The Prospector canoe is a time-proven canoe design intended for general purpose
river tripping -- maneuverable with a high carrying capacity. Originally designed and
built by the Chestnut Canoe Company, today several canoe manufacturers sell a version of
This canoe is 16 feet long, 35" wide with a
waterline width of 33". The bottom has a symmetrical shallow arch
shape with moderate rocker.
I am building my Prospector during the winter of
2005-2006. Click any photo below to see
a larger image.
I lofted the forms from dimensions in Ted Moores' book "Canoe Craft" 2nd ed. The form outline was transferred to 1/2"
plywood using carbon paper.
The forms were cut with a
jig saw, with the final shaping done with a belt sander. Forms
were aligned on the strongback with drywall screws.
forms were aligned on the strongback using a chalk line on the strongback
and a string on top.
sacrificial strip along the keel line and 18" water line confirmed
the spacing of the forms and fairness of the curves.
The inner stems were constructed
from laminations of 1/8" thick western red cedar up to a thickness of
1/2". I did not pre-form outer stems.
I wanted a design feature on the sides of the canoe that hinted of a
native American design. After browsing the internet for American
art, I chose a simple design of diamonds that was relatively easy to
construct in wood.
The feature stripe was sliced off
this 1.5" wide board. I constructed the feature
stripe on the strongback before attaching the forms, as I don't have a good
long work surface in my garage (other than the floor).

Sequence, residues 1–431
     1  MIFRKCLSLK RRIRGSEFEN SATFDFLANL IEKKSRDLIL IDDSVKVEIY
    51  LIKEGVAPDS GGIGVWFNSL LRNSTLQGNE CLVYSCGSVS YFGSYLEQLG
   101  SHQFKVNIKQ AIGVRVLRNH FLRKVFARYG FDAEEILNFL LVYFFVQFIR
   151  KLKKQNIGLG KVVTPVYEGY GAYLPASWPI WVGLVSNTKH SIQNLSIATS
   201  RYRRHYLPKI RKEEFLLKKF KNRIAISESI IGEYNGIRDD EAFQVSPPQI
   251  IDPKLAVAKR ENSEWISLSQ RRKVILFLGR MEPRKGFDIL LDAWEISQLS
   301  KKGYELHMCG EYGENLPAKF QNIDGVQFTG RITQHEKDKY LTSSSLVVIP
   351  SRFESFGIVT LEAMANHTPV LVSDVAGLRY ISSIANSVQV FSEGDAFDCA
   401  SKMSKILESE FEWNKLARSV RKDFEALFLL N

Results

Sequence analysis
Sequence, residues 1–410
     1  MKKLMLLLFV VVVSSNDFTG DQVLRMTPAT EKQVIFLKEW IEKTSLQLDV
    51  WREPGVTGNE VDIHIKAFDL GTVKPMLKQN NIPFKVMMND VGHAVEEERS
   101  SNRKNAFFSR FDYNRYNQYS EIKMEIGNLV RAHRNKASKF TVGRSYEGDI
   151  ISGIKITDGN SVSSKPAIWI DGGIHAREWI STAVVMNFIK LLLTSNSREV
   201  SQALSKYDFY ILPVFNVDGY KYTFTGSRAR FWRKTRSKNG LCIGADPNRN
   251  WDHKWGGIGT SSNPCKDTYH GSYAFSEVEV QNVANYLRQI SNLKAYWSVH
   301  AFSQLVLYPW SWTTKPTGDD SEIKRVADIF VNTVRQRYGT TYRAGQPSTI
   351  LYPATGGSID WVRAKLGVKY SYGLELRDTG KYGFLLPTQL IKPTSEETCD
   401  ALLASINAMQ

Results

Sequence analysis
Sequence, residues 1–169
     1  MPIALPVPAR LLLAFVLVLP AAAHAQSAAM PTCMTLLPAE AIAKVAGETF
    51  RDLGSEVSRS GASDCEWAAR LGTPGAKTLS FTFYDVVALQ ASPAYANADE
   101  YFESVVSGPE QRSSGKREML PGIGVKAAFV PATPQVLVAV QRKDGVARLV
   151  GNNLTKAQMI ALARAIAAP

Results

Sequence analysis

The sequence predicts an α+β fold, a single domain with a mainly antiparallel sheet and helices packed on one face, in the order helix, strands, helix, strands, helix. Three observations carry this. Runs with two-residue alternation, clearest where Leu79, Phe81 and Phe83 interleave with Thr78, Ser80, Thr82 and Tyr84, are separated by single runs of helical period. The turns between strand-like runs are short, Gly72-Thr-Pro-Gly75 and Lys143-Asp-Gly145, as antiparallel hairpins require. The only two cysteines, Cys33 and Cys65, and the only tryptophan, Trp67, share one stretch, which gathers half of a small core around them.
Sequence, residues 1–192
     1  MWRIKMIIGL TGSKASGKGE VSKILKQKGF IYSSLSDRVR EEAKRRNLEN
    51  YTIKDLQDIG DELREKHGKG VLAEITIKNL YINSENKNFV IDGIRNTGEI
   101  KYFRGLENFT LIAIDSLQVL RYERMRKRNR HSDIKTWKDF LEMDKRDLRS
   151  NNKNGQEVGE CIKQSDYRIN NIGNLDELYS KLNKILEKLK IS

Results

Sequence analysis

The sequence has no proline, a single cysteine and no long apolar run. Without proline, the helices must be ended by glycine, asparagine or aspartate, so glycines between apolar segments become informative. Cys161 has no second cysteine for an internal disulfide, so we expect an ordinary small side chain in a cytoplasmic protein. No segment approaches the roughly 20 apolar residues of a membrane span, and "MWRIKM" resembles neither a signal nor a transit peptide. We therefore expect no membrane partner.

The dark colored wood is from a very
dark board of western red cedar. The light-colored wood is basswood.
feature stripe is on the boat! Masking
tape holds the strips tightly together.
The pre-glued halves of the feature
stripe were 1" wide, which turned out to be TOO WIDE to bend easily
towards the ends of the boat. I wanted the feature stripe to mirror
the shape/rocker of the hull. Additionally, the part of the
design that needed to bend with a larger radius was noticeably off symmetry
with the other half of the feature stripe, so I had to do a little fixing
there. Lesson learned!
Closing up the bottom of the hull.
The canoe is constructed from
1/4" thick western red cedar strips left over from several kayak projects. My
cedar color choices were limited, so when changing boards, I inserted a dark
strip for definition.
outer stems were constructed by laminating Mahogany strips.
and sanding the hull exterior took a few evenings and half a Saturday.
A few of the strips I used were slightly narrower than the others, and I
paid for that sloppiness here.
sealing coat of epoxy was applied after fairing and sanding with 100 grit
then filled with a putty mixed from epoxy thickened with a mix of sanding
dust, silica dust (to improve spreadable texture) and white baking flour (to
lighten the putty so it would be closer to the wood color).
The exterior of the canoe was covered completely with one layer of 6 ounce
e-fiberglass, with the second layer covering the bottom approximately up to
the intended waterline. A third layer was added as a keel strip at
high wear area at each end.
To keep things neat and ease the task
of feathering in the second
layer of fiberglass, the part of the canoe that did not receive a second
fiberglass layer was covered with plastic kitchen wrap and masked off.
When the epoxy on the second layer of fiberglass was in the soft leathery
stage, it was trimmed off neatly at the masking tape
Filling the weave
coats and then the high spots were sanded off. Another fill coat and the only places that need any more are the edges of the keel patch
and the line where the second fiberglass layers feathers into the
first. I'll let it rest and do that tomorrow.
Seats and Thwart
While the epoxy cures, I cut and
laminated the seat frames and center thwart. The laminations consist
of a 0.3" slice of mahogany sandwiched between two 0.25" pieces of
Still waiting for the epoxy to
cure. Time to create a web page!